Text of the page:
A Black Swift secret revealed
by Nate Swick
Swifts have never been ones to reveal their secrets freely, just where these sickle-winged aerialists went in the winter being perhaps the most well-guarded. In fact, not that long ago even preeminent naturalists like Elliott Coues were inclined to fall back on odd theories for their abrupt departure, giving some credence to the ludicrous idea that the birds buried themselves in the mud and hibernated until spring.
It wasn't until 1944 that the wintering grounds of even the wide-ranging Chimney Swift (.pdf) were discovered when a band of Peruvian indigenous people more or less unceremoniously presented local missionaries with a chain of aluminum bands previously affixed to birds banded from Ontario to the Gulf coast. That discovery of that species' wintering grounds was one of the most significant ornithological findings of the last century, but not for another 70 years could we say the same for all the North American swifts.
The Black Swift, Cypseloides niger, is not only the largest swift in North America, but undoubtedly the most mysterious. It was one of the last birds on the continent to be scientifically described. Its nest, tucked behind mountain waterfalls in the high altitudes of the west, wasn't discovered until 1901. And perhaps most amazingly, it is the only species of bird in North America whose wintering range was unknown going into the 21st Century.
In 2009, a group of researchers primarily from the Rocky Mountain Bird Observatory but including other government and non-profit organizations, netted several Black Swifts at a known colony in Colorado and affixed to them a tiny geolocator in the hopes that, at some point in the future, those birds would return to be netted again, and the mystery would finally be revealed. It took a few years, but three of the four tagged swifts were recaptured and the remarkable results published just last week in the Wilson Journal of Ornithology.
The Black Swifts traveled all the way from Colorado, from those nest sites in the high Rockies, to the Amazon, where they spend the cold months in western Brazil. For more, I turn to Nathan Pieplow of the great Earbirding.com:
The colored blotches in the western Amazon are the areas where the swifts likely spent most of the winter. They’re blotchy because the geolocators aren’t terrifically accurate, and also because the swifts apparently moved around a fair amount during the winter. It’s possible that they roosted in caves or cliffs for the night and then roamed extensively during the day, but the researchers raise the tantalizing possibility that wintering Black Swifts may actually stay aloft 24 hours a day, based on the behavior of the related Common Swift of Eurasia, which may be on the wing for up to 9 months of the year — or even several consecutive years, in the case of non-breeding individuals!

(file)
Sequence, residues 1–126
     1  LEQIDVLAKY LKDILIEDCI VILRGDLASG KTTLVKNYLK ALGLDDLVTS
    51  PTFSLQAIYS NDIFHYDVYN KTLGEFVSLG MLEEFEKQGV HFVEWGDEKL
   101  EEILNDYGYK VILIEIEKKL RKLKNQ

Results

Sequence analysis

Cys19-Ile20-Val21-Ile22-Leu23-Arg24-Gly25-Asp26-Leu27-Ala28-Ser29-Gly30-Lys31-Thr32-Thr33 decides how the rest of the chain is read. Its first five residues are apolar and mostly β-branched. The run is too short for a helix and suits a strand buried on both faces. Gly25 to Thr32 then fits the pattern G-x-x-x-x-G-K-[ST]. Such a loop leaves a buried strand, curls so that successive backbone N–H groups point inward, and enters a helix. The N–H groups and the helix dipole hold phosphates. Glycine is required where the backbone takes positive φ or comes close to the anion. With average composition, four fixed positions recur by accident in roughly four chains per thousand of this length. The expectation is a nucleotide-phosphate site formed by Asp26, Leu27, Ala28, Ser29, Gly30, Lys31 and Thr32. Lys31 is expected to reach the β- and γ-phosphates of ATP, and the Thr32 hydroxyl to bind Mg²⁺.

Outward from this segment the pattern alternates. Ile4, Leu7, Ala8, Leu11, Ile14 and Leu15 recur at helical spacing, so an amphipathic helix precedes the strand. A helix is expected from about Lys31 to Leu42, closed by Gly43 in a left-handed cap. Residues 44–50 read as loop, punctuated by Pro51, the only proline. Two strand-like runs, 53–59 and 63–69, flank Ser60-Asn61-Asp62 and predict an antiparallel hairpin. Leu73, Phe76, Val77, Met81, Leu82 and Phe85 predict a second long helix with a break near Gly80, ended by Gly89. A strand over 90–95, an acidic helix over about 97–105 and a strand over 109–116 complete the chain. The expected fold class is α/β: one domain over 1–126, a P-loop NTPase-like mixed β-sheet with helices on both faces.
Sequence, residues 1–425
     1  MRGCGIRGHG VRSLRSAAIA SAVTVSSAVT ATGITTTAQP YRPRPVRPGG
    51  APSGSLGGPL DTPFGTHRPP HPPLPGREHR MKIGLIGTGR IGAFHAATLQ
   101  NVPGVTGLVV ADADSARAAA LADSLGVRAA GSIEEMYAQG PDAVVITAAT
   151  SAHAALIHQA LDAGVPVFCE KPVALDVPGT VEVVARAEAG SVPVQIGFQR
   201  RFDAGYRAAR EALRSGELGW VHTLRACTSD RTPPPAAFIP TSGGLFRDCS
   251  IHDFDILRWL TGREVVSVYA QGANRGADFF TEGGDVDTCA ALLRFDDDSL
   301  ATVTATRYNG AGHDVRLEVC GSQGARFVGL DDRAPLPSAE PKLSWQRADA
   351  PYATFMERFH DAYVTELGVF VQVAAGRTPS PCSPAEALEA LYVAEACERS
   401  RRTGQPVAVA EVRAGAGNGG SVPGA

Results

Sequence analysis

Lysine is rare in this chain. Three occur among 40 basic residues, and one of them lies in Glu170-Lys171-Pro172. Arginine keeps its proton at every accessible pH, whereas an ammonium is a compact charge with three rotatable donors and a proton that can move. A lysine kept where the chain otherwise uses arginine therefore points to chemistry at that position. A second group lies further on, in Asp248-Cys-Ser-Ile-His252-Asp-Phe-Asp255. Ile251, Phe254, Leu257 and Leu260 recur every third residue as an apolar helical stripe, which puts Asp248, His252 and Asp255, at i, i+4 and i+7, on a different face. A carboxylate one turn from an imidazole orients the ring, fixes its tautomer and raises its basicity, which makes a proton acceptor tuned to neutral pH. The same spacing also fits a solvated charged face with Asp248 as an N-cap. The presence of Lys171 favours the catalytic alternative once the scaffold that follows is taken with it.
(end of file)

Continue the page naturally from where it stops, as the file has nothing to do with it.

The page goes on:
The authors stress, however, that no conclusions about roosting behavior can be drawn from the current study. If the wintering birds do roost in dark crevices like they do in summer, they could skew the geolocator data, which is based on light levels. Extensive cloud cover could also be an issue. There’s evidence of at least some errors in the migration tracks at right: the researchers stress that bird 554 did not, in fact, probably take a quick jaunt to the Pacific Ocean off of Baja California after arriving in Colorado — that data point is likely due to some type of irregular shading event that messed up the geolocator data. Nevertheless, the generally strong agreement between the tracks of the three birds provide a reasonable level of confidence about the quality of the data.
There's no shortage of fascinating tidbits and ramifications to pick through with this paper, not least of which is the revelation that all three birds appear to travel north by way of Texas, a state that has zero records of Black Swift on the state list. What to do there?
For more information on this truly amazing bird, and to put this recent finding in greater context, please have a look at the eBook, The Coolest Bird (.pdf), written by Rich Levad and published by the ABA.